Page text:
The Connection Between Aging, Exercise, and Healthy Lungs

Sunrise Senior Living  |  January 29, 2020

Enjoying a long and healthy retirement requires taking good care of yourself. While many people focus on living a heart-smart lifestyle, taking proactive steps to maintain healthy lungs is essential, too. As we age, the lungs become weaker and less flexible. This can contribute to a variety of diseases and chronic health conditions.

According to the National Heart, Lung, and Blood Institute, lung-related illnesses are the 3rd leading cause of death in this country. That includes lung cancer, chronic obstructive pulmonary disease, and asthma—adding up to nearly 235,000 deaths a year.

Here are a few tips you can use to keep your lungs healthy:

  • Stop smoking. Talk with your primary care physician about smoking cessation programs.
  • Avoid secondhand smoke. Research shows it can be just as deadly as being a smoker.
  • Stay away from harsh chemicals. It’s important to avoid breathing in damaging fumes (e.g., home cleaners and weed killers).
  • Prevent infections. Many infections can lead to conditions like pneumonia and bronchitis but a flu shot and frequent handwashing can help.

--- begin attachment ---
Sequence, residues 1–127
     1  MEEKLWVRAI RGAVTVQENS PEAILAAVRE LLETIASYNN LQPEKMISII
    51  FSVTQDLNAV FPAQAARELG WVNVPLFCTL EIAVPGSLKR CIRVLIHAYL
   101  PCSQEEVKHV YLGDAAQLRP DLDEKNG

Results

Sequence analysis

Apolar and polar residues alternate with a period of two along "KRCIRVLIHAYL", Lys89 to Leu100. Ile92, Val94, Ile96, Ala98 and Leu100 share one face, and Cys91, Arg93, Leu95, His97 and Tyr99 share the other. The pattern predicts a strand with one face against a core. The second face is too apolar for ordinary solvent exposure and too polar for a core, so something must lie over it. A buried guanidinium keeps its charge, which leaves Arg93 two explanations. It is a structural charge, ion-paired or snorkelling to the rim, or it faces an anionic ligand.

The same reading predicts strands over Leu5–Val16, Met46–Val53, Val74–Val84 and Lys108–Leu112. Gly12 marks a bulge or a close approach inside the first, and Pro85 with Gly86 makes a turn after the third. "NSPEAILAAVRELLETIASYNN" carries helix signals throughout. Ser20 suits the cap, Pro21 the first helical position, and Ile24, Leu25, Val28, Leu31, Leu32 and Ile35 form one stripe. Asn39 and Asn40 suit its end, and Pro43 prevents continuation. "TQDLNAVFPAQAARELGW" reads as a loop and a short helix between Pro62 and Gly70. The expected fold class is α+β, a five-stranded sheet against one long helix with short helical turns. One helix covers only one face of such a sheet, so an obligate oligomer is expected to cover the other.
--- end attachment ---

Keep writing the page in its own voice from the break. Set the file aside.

Finally, identify several forms of exercise that give your lungs a healthy workout. The more you exercise and work the lungs, the stronger they become.

Exercising for Improved Lung Health

How much and what kind of exercises are good for helping older adults maintain healthy lungs? Experts suggest getting 30 minutes of moderate exercise at least 5 days a week is vital.

There are several types of aerobic workouts older adults should consider:

  • Walking
  • Gardening
  • Swimming
  • Cycling
  • Dancing

Even giving your house a good cleaning can help pump up your lung capacity.

Healthy Forms of Seated Exercise to Improve Lung Capacity

Fortunately, seniors who need to exercise from a seated position have options to consider too:

The goal is to make your heart and lungs work harder so the body becomes more efficient at processing oxygen.

As is true of any new form of exercise, talk with your primary care physician before getting started. They can help you determine how many minutes and what types of exercise are appropriate and safe.

Resources and Tools for Seniors and Caregivers

If you are an older adult or a family caregiver, staying connected with the latest news and resources on aging and senior care is essential. We invite you to visit Sunrise: Your Senior Care Resource for quick links to information on nutrition, caregiver support, financing care, and more.

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